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How to be 'The Worst'

. Casey Rathunde

There's a tacit understanding with a panel title like "Worst Website Ever: 2 Stupid 2 Fail" that the content is designed to draw a laugh. Yes, the visual gags are there, and yes, the slightly-naughty puns were in force as well, but the actual content of the presentations (faux pitches for truly terrible ideas) revealed a lot about the things that are funny because they are so terribly true. Here are a few lessons that I was able to glean from the panel, and what they mean in a practical way.

Lesson #1: A pale copy is a bad place to start from.

Lots of the presentations presented ideas that relied on the humor of "almost, but not quite." Versions of popular (young-skewing) internet communities aimed at the over-40 crowd, transparent riffs on popular sites that offered no value over the original site, and blatant rip offs all drew big laughs from the crowd. The internet is full of just such clones, and they're always slightly missing the point. While you can often come up with some great ideas by thinking about what other people are doing, the angle always needs to be, "What aren't they doing?" not just an attempt to make something different enough that it won't cause a lawsuit. Some of the funniest fake pitches of the panel were obvious riffs that aimed to do less than the original (such as "Faceoffbook" for fans of the movie FaceOff, and Petflix).

Lesson #2: Your fax machine does not need an "App Store."

Really - it doesn't. It might seem obvious, but by the same token, who isn't trying to jump on the "App Store" bandwagon these days? I think the greater lesson to be learned from this point is that mindless bandwagon jumping leads to creating things that there is no demand for. Just like a fax machine doesn't need its own port of "Angry Birds," not every website needs a comments section or its own check-in system. People who are always looking to make the "next big thing" work for them are often missing the ways in which not every solution fits every problem. While each new craze might be worth consideration and exploration, it's perfectly acceptable for the conclusions drawn to end with, "We don't actually need this."

Lesson #3: You're not going to successfully use every technology.

One of the presentations didn't actually have much in the way of a proposed idea, instead, it relied on the joke that the website was so 'technologically advanced' that it used every technology. It even used "all of the clouds," and just about every possible API that is currently in vogue. I think we've all seen some variation of this site. There are so many social icons squashed together that you can't tell the difference between the little bird-shaped blob that you think is Twitter-blue from the tiny square that you think might lead to Facebook. You're not really sure if you're about to leave a comment with Disqus, send a Tweet, or post to your Facebook wall, and even if you could figure it out, you're probably not interested in sharing the content by that point. The page aggregates tweets, shows you the weather in Bangladesh, and lets you map things on google while you browse headlines. There's so much on the page that you reflexively lunge for the close button because you're afraid you might have a seizure.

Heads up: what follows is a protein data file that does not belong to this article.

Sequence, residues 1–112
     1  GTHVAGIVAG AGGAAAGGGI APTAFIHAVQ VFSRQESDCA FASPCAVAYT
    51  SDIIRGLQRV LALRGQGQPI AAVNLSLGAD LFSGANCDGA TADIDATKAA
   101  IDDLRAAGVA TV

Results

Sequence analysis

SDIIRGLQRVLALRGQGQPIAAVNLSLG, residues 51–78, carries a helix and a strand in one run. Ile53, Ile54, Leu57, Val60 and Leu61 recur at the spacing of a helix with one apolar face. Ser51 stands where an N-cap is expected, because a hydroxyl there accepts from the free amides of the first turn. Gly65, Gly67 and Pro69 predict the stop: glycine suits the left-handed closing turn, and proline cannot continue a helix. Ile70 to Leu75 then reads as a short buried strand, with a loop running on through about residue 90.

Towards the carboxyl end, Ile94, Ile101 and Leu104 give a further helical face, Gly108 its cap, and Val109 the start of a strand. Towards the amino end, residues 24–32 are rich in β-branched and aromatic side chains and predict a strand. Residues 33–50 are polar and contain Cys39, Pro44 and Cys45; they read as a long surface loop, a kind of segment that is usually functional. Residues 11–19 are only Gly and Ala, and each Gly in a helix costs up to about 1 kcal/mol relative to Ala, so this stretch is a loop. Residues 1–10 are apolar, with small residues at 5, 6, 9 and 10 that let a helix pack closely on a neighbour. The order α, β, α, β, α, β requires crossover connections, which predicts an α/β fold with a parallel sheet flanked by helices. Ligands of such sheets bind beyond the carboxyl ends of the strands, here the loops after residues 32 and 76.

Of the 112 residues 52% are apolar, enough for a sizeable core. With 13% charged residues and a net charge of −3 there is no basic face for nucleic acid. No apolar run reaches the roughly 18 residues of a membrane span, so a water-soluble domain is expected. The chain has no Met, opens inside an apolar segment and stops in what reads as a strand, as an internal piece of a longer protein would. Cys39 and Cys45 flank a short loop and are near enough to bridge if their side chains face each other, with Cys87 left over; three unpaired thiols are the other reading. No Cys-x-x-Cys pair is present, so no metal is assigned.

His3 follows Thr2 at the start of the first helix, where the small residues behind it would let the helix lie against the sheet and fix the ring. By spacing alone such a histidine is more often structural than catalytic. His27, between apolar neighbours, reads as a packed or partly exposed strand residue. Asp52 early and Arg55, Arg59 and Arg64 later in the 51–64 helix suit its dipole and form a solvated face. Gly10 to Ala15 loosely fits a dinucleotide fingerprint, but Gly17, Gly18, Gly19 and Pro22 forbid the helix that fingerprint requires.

Just because an API exists, doesn't mean you should use it on every page. Data is cool, but relevant data is even cooler, and when you don't bury the good stuff, your page gets a lot more interesting. I'm an API dork - I love to see them mashed up and filtered in brilliant ways. True story: after the worst website panel, I shook the hand of the guy who created WaitingForBieber.com. (I plan to retell this story to everyone who will listen for the next three months, so consider yourself warned.) The reason I love this site is that it uses the Twitter API in a way that is so bizarrely specific that it draws a cohesive (and terrifying) picture without any sort of long-form explanation. As best I can tell, the page is returning tweets sent to Bieber's username, and scanning the text of the response for the word "follow," so that it only returns the tweets asking Bieber to follow the user back. That's all the page does: display a constant stream of tweets, asking Justin Bieber for a "follow" on Twitter.

Now that we've established the concept, lets quickly ruin it with complications: imagine if it also pulled in headlines containing the terms "Bieber" and "Twitter." Imagine page real estate depleted by an option to share those tweets on facebook. Imagine a comments section where users could leave their opinion on tweets and rank their favorite. Imagine a series of music charts and store widgets so that users could see how Bieber is currently selling. Quickly, the idea becomes polluted and the page loses the laser-focus that made the joke funny in the first place. None of these things immediately sound like bad ideas, but compare the value added by the additional data to the value lost by distracting from the site's real purpose. There's a lot of cool, easily integrated stuff on the internet these days, but just like we don't always need to be jumping on the shiniest bandwagon, we also don't need to dilute every idea with 'value-adds' that act as distractions.

The panel definitely gave me a lot to think about (and when I'm not so exhausted and overwhelmed with information, I'll probably think of more things I gleaned from it), but most of all, it was amazing to me how not implausible most of the ideas were. Many of them didn't seem all that far off from sites that have actually been built, and I think that fact really speaks to how the best humor is close to the truth. (For the record, the "winner" of the contest was the "App Store" for the Fax Machine. The runner-up was a site for outsourced, webcam babysitting.)

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